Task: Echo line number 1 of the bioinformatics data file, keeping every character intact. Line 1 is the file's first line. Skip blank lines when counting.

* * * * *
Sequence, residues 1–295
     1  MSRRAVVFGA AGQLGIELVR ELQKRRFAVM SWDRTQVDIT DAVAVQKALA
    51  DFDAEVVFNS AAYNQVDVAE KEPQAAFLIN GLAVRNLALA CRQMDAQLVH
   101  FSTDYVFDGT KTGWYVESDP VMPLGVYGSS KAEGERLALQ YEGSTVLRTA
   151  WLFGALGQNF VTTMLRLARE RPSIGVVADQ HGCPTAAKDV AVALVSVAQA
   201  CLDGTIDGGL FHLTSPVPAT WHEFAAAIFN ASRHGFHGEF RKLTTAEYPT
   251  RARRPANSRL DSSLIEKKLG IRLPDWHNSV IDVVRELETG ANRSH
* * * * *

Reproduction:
Sequence, residues 1–295